4.    Hold the reflector in the beam, thus canceling the tone, and gradually move toward the desired reflector location. (NOTE: THE TONE GENERALLY CANNOT BE CANCELLED WHEN THE REFLECTOR IS HELD CLOSER THAN ABOUT 8 FEET FROM THE SCANNER.)
5.    As the light beam leaves the scanner it spreads out in the shape of a cone.  At the approximate reflector location, find the center of the beam by the following procedure.
6.    Adjust the position of the scanner by means of the two nuts on each of the three mounting bolts until the center of the beam is at the desired place on the reflector tree (or post).  Permanently fasten the reflector in the center of the four boundaries, using the wood screw.
7.    Cover the installed reflector with your hand, and using the spare reflector verify that the beam is centered on the installed one.  In other words, find the top, bottom, right and left edges of the beam.  Adjust the scanner as necessary and tighten the nuts.  Test by walking through the beam several times.  Note:  If unit is in operation mode, but has lost beam alignment, no sound will be heard and unit will not count.  
You have mounted scanner and located a reflector position and you know how to align and capture the beam.  You are ready to power up the counter.
8.     Power On:  Display will come on and display the name of the counter and the internal firmware version and release date.
V1.00  10-1-01
Wait a few seconds for the next screen.
Note:  If a Datahog is connected at any time from this point on (even if the display is off) the Trail counter will display "Serial Active" and no other user operation is possible.  To otherwise operate the Trail Counter, disconnect the Datahog.
9.    Serial Number:  The next screen displays the internal serial number. This number uniquely identifies the trail counter and identifies the date of circuit board manufacture, not the counter, by displaying the date of manufacture as a two-digit month, two-digit day, two-digit year, and then a two-digit day assembly sequence number.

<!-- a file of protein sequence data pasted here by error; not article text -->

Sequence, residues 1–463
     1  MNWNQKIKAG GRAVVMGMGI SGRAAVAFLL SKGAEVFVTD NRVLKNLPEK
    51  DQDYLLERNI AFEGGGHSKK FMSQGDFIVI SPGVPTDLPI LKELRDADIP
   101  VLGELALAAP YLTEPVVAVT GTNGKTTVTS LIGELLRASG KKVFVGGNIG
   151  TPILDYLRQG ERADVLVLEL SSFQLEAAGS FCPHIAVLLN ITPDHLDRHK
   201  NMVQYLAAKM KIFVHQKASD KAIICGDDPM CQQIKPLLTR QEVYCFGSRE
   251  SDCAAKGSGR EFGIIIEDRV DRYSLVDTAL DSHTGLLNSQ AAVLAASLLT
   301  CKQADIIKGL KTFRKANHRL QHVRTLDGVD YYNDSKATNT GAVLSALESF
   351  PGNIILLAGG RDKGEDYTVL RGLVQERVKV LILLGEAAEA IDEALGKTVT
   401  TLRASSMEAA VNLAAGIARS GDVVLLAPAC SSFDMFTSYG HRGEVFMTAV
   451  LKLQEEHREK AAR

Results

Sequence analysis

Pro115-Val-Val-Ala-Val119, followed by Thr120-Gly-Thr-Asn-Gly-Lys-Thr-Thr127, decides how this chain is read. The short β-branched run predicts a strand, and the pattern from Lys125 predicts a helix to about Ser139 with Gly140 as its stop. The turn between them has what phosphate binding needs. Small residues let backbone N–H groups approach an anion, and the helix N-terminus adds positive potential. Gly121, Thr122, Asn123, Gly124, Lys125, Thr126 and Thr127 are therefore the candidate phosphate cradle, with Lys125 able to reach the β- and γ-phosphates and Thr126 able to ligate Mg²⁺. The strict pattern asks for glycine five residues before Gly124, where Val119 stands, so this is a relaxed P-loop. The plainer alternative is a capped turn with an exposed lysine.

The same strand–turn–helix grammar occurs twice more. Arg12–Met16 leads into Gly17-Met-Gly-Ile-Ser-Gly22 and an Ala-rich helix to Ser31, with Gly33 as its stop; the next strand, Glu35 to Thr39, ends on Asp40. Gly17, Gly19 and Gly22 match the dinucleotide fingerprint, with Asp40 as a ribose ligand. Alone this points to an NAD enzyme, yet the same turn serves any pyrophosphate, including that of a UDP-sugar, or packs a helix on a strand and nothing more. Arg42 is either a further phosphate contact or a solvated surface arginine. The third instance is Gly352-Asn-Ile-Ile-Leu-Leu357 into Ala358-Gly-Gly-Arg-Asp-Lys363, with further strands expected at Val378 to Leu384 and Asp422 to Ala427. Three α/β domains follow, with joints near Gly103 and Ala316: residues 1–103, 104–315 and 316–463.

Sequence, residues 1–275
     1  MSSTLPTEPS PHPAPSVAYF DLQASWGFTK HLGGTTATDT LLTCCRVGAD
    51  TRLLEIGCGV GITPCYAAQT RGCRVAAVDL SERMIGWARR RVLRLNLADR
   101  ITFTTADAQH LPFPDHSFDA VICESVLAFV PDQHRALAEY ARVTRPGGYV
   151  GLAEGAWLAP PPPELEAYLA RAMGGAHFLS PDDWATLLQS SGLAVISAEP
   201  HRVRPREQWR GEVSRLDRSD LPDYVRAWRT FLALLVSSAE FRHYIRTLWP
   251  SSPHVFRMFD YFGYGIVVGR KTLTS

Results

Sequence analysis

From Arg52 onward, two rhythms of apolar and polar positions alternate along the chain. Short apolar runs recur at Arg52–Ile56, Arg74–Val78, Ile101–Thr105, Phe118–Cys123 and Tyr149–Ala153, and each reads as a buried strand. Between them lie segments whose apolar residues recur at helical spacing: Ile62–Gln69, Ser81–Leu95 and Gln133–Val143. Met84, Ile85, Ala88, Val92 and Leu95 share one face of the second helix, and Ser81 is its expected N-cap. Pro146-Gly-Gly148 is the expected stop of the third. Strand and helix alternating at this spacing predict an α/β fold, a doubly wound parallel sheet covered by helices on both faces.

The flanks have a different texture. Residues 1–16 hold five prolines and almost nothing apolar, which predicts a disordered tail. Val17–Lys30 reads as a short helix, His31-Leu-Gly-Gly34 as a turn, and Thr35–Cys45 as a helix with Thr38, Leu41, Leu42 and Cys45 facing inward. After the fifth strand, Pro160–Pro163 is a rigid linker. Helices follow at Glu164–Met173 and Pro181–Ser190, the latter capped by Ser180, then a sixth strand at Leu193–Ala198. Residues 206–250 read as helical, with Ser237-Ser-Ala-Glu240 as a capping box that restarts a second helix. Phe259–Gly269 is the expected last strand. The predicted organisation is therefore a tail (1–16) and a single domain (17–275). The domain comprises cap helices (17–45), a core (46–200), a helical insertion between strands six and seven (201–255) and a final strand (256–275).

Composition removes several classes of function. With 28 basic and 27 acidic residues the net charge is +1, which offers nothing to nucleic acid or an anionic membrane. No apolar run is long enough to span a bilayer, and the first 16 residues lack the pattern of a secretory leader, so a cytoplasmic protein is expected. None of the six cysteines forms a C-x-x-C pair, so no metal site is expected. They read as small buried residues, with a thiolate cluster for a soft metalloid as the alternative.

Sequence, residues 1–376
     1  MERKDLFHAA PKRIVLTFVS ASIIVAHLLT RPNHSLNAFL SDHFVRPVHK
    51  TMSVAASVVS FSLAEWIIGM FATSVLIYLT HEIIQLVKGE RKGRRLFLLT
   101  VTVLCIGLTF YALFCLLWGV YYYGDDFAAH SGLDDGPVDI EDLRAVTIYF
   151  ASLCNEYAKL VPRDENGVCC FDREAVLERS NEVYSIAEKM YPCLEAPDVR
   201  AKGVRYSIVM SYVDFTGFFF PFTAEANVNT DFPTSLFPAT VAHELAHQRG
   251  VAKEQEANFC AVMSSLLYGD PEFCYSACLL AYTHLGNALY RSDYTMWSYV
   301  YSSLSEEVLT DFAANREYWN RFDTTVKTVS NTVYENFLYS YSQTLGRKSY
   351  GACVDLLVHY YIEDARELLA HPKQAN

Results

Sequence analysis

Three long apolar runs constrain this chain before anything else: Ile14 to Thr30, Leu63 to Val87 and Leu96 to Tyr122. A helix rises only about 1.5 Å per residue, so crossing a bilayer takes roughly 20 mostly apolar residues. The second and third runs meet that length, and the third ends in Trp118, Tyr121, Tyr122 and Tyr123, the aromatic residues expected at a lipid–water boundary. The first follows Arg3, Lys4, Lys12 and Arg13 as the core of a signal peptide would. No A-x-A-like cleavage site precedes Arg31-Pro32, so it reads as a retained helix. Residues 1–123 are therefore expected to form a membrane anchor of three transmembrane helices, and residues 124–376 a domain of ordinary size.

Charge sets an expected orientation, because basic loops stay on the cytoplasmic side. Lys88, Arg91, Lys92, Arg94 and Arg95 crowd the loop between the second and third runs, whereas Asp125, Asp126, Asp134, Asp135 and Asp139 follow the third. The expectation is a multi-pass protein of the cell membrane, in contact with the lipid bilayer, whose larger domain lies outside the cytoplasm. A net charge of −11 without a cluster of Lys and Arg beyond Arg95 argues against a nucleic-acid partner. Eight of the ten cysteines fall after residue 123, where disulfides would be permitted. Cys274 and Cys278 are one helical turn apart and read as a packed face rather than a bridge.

TTC-442X Serial
ID #:  09280118  (example)
Wait a few seconds for the next screen or activate yellow dot.  
Note:  The serial number is important to the user during importing data to Centurion Software.  Prior to importing, Centurion pauses and displays the serial  number the data came from.  Users can then fill in the correct Site ID,  Starting Time, and Starting Date for the data
10.    Data Collection Status:  If the counter is not collecting any data at the
Moment, the following screen is displayed (nothing is displayed if collection is active):
        Data storage is
Wait a few seconds for the next screen or activate reset (red dot) to skip to the TOTAL COUNT display.
11.    Memory Status:  If memory contains no data, the following screen will appear:
        There is no data
        in memory.
If memory contains data, then the following appears ("x" is replaced with number of hours.
        Memory has x
        hours of data.
If there is no data in the memory wait a few seconds for next screen.
If there is data in memory, magnetically activate yellow dot to read it or red dot to skip to TOTAL COUNT screen.
Notes:  Manual Data:  The display shows the first recorded hour total count:
    Total Hour #1
    Count:  x
Activate reset to skip to the TOTAL COUNT screen
Activate display(the yellow dot)  to display the next hour
After 10 minutes or so of no activations, counter automatically moves to the TOTAL COUNT screen
Note that you can't display the current hour's count. Only stored hours are displayed.
12.    Total Count: When the counter is first powered on and not aligned with reflector the TOTAL COUNT screen will usually look like the following:
        Total:  0
        Hour:  Stop! No

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Last Updated
21st of October, 2011

Centurion CC, Centurion Field, Centurion Gold, Centurion Parks